Curtis, an early Boston marine artist who was a contemporary of Fitz Hugh Lane in both time, style and subject matter, is well on his way to being widely recognized for his top quality and unique approach to composition. The rediscovery of his importance within American marine luminism was heralded in a 1993 exhibit of his paintings at the Peabody Essex Institute.
His early 20th century fade from prominence has more to do with changing cultural sensibilities than any misstep by the artist. It is unusual that he was overlooked for so long because of the degree of success obtained during his lifetime. He exhibited occasionally in the 1830s, and developed a working friendship with the director of the Boston Museum and Gallery of Fine Arts, Moses Kimball. Kimball commissioned the artist to paint his own ship. During the 1840s and beyond, Curtis drew additional acclaim painting sets for the highly regarded local theater, all while continuing to paint marines and seascapes of the local area, exhibiting more and more often.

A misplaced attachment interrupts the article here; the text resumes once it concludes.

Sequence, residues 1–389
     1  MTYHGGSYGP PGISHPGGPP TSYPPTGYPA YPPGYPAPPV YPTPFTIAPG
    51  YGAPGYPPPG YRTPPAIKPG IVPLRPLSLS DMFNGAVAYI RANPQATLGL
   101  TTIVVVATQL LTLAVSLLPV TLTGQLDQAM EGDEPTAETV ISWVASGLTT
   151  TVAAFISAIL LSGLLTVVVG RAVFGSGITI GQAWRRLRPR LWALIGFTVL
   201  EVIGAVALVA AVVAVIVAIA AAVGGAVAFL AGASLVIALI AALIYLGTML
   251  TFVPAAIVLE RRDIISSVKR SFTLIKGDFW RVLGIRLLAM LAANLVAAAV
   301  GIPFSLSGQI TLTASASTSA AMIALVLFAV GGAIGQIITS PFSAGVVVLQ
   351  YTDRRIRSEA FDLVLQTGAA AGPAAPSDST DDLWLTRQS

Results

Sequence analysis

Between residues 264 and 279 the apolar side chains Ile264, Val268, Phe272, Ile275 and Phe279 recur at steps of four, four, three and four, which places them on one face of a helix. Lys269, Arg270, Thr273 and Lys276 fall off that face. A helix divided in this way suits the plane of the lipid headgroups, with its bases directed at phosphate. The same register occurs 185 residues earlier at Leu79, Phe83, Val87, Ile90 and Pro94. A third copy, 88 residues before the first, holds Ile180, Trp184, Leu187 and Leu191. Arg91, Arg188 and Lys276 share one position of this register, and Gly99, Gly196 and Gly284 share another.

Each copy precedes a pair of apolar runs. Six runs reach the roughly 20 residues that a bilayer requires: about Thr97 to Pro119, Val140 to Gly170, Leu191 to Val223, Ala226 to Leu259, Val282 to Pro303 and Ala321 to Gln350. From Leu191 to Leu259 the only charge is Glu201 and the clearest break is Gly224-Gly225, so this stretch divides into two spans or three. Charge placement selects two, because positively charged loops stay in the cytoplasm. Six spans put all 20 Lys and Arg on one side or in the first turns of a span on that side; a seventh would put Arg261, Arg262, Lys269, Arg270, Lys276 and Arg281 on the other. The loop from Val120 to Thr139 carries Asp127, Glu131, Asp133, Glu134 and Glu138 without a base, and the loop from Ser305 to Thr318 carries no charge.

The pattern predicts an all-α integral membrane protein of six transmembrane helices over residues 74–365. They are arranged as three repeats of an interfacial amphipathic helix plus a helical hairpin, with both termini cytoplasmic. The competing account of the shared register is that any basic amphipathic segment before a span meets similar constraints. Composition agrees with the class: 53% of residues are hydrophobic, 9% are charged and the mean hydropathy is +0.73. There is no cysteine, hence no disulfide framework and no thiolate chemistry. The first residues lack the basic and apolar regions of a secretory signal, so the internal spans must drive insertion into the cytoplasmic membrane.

He painted with a poetic sensibility; carefully constructing the illumination and atmosphere with as much effort as he lent to his finely proportioned full ships. His light is often that of directly diffused sunlight, giving a radiant glow to his subjects. The Boston Art Market took a rather bleak turn in the days during and after the American Civil War, and while Curtis advanced his art, he chose to paint a few New York Yacht Club ships and produced a chromo-lithograph of one work. It is still his mid-19th century output of Boston Harbor scenes and open seas which are highly desirable and becoming more so each day.